quoted from https://rules.house.gov/sites/republicans.rules.house.gov/files/115/OMNI/DIVISION%20A-%20AG%20SOM%20OCR%20FY17.pdf
"Animal Drug Compounding.--The Committee is concerned that the FDA has proposed draft guidance for industry (#230) for animal drug compounding that applies Sections 503A and 503B of the FDCA to animal health even though these provisions were written in regard to compounding of human drugs. The Committee is concerned that this will result in confusion in the industry and may result in a misallocation of the resources Congress makes available to the FDA to oversee compounding activities. The Committee expects that any final guidance on animal drug compounding will reference statutory provisions that specifically relate to veterinary practices."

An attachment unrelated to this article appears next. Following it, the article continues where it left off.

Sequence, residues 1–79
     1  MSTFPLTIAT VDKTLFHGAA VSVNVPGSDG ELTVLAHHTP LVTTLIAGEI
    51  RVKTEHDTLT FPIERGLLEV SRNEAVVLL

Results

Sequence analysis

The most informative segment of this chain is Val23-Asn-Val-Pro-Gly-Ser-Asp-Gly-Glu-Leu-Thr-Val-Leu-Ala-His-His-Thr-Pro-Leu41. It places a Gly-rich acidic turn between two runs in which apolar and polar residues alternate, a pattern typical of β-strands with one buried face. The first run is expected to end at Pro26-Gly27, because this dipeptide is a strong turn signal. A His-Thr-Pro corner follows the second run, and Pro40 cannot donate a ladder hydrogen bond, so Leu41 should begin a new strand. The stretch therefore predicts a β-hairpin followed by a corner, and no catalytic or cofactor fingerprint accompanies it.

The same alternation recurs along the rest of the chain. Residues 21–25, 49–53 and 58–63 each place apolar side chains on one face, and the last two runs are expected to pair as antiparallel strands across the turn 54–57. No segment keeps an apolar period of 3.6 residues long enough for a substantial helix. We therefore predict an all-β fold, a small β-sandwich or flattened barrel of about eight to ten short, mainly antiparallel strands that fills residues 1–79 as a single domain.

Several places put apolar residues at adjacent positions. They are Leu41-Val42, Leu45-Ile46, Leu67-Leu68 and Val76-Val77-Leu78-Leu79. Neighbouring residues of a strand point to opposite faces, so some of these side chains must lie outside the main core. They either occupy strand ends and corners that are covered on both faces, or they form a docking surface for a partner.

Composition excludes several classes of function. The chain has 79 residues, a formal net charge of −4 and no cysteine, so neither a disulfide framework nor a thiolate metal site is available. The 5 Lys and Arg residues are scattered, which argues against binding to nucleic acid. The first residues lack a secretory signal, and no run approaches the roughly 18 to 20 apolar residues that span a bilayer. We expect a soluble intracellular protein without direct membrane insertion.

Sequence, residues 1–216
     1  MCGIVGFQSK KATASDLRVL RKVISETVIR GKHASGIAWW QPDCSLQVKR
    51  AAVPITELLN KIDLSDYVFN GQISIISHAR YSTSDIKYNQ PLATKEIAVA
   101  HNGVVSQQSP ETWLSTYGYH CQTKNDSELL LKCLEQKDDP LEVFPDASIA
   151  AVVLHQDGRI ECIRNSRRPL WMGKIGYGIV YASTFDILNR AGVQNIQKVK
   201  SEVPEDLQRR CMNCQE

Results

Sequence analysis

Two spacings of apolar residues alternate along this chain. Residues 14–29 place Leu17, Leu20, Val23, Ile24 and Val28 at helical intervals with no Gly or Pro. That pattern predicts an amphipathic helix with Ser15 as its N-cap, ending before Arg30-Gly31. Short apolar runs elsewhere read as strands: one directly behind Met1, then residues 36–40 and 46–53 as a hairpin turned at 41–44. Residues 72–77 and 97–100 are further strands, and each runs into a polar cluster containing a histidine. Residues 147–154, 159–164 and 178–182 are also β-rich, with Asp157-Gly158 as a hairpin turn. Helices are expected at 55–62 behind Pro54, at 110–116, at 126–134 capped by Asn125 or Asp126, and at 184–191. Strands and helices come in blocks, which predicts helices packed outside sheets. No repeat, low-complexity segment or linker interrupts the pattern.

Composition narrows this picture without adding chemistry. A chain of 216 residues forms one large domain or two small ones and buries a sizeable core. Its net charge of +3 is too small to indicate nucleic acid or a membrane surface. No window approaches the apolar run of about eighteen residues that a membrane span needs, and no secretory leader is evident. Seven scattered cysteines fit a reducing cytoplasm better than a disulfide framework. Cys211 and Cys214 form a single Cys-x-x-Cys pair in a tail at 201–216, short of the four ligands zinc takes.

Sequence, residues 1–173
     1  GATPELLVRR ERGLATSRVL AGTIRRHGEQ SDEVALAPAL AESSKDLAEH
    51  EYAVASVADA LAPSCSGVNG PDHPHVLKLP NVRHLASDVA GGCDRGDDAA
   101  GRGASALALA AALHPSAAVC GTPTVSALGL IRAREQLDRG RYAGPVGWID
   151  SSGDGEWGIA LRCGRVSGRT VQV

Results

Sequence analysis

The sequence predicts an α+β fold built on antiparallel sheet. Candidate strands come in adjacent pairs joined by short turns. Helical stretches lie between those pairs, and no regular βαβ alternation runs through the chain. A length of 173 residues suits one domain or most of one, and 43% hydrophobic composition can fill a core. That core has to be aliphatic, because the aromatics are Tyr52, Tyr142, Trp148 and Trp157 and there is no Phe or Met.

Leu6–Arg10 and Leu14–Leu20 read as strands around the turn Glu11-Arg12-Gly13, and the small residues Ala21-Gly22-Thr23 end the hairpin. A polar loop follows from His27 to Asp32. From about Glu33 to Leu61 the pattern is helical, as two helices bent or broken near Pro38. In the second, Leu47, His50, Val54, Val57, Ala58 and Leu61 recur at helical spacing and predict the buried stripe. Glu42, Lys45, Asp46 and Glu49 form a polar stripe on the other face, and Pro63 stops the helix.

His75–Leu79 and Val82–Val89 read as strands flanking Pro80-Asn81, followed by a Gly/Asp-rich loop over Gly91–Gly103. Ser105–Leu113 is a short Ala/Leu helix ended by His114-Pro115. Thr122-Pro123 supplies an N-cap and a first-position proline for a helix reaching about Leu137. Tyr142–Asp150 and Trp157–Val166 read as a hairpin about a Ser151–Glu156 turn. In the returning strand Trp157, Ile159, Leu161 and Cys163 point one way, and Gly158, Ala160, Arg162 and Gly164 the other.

"Biological Products.--The Committee commends the FDA for issuing draft guidance to address the mixing, diluting, or repackaging of biological products outside the scope of an approved biologics license application. The Committee urges the FDA to finalize the guidance without delay following the public comment period and continues to emphasize the need for close FDA inspection and supervision of large-scale compounding and repackaging of sterile injectable drugs and biological products, particularly products that are administered into areas of the human body where there is tempered immunity, such as the eye or spinal column, to ensure that they are processed in keeping with current good manufacturing practice for sterile products, in particular 21 CFR 200.50 regarding ophthalmic preparations."###"Drug Compounding.--The Committee believes patient access to the right drug at the right time is of utmost importance. In instances where a commercially manufactured drug is not appropriate for a patient for a specific reason, a compounded drug may be the difference between life and death. Since passage of the Drug Quality and Security Act (DQSA) of 2013, the Committee has had concerns that the FDA interpreted provisions of Section 503A of the FDCA in a manner that might jeopardize the availability of compounded medications for ``office use''. The practice of ``office use'' occurs when a compounder will compound a batch of drugs in anticipation of receiving patient-specific prescriptions at a later time. It may also be the case of a doctor in his or her office maintaining compounded drugs on site because it is unsafe or impractical to issue a traditional prescription. This practice is authorized in the vast majority of states and was intended to be allowable under DQSA. The Committee is aware that on April 15, 2016, FDA released a new Draft Guidance on the issue of ``office-use'' compounding. The Committee directs the FDA to issue a Final Guidance that provides for ``office-use'' compounding of drugs, in appropriate circumstances as well as including drugs compounded in anticipation of a prescription for an identified individual patient. Such ``anticipatory'' compounded drugs must be based on the history of previous valid compound prescription orders, and on an established history between the prescriber and the patient and the compounder. Drug Compounding Inspections.--The Committee understands that the FDA is interpreting provisions of Section 503A of the FDCA to inspect state-licensed compounding pharmacies under current Good Manufacturing Practices (cGMPs) instead of under the standards contained in the United States Pharmacopeial Convention (USP) for sterile and non-sterile pharmaceutical compounding or other applicable pharmacy inspection standards adopted by state law or regulation. The Committee reminds the FDA that compounding pharmacies are not drug manufacturers, but rather, are state licensed and regulated health care providers that are inspected by state boards of pharmacy pursuant to state laws and regulations that establish sterility and other standards for the pharmacies operating within their states. Compounding pharmacies are more appropriately inspected using USP standards or other pharmacy inspection standards adopted by state law or regulation in the state in which a pharmacy is licensed. Drug Compounding of Allergen Extracts.--The Committee is concerned that proposed changes to general chapter 797 of the USP contradicts the legislative intent of Section 503A of DQSA regarding the practice of ``office-use'' compounding of allergen extracts. The FDA recognizes USP general chapter 797 as federal policy on the practice of drug compounding. The Committee is concerned that the proposed changes to USP general chapter 797 would be inconsistent with its legislative intent of Section 503A and with the agency's own previous positions on the practice of office-use compounding of allergen extracts. It is the sense of the committee that the practice of office-use compounding of allergen extracts by physicians is proven to be both safe and effective for the diagnosis and treatment of allergic conditions. The Committee suggests that the USP work with organizations from the physician and patient communities that represent physicians who regularly engage in office-use compounding of allergen extracts or patients who benefit from such compounding of allergen extracts, to ensure that any changes to USP general chapter 797 regarding office-use compounding of allergen extracts are reflective of the clear legislative intent of Section 503A of the DQSA."